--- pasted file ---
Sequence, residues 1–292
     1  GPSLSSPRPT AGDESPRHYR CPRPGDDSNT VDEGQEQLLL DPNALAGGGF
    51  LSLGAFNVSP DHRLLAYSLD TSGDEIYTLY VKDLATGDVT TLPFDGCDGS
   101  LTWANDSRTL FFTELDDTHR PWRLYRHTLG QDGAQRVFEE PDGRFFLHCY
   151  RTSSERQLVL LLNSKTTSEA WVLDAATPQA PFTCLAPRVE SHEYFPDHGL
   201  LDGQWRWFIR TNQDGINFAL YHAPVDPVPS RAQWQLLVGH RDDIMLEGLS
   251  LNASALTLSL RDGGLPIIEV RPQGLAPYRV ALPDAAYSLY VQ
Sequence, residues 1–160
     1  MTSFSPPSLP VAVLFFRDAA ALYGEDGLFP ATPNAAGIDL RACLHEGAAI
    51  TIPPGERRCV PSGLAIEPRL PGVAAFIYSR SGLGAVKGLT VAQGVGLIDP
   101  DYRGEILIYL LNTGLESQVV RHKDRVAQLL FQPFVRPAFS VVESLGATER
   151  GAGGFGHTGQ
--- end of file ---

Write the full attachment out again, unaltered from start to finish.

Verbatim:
Sequence, residues 1–292
     1  GPSLSSPRPT AGDESPRHYR CPRPGDDSNT VDEGQEQLLL DPNALAGGGF
    51  LSLGAFNVSP DHRLLAYSLD TSGDEIYTLY VKDLATGDVT TLPFDGCDGS
   101  LTWANDSRTL FFTELDDTHR PWRLYRHTLG QDGAQRVFEE PDGRFFLHCY
   151  RTSSERQLVL LLNSKTTSEA WVLDAATPQA PFTCLAPRVE SHEYFPDHGL
   201  LDGQWRWFIR TNQDGINFAL YHAPVDPVPS RAQWQLLVGH RDDIMLEGLS
   251  LNASALTLSL RDGGLPIIEV RPQGLAPYRV ALPDAAYSLY VQ
Sequence, residues 1–160
     1  MTSFSPPSLP VAVLFFRDAA ALYGEDGLFP ATPNAAGIDL RACLHEGAAI
    51  TIPPGERRCV PSGLAIEPRL PGVAAFIYSR SGLGAVKGLT VAQGVGLIDP
   101  DYRGEILIYL LNTGLESQVV RHKDRVAQLL FQPFVRPAFS VVESLGATER
   151  GAGGFGHTGQ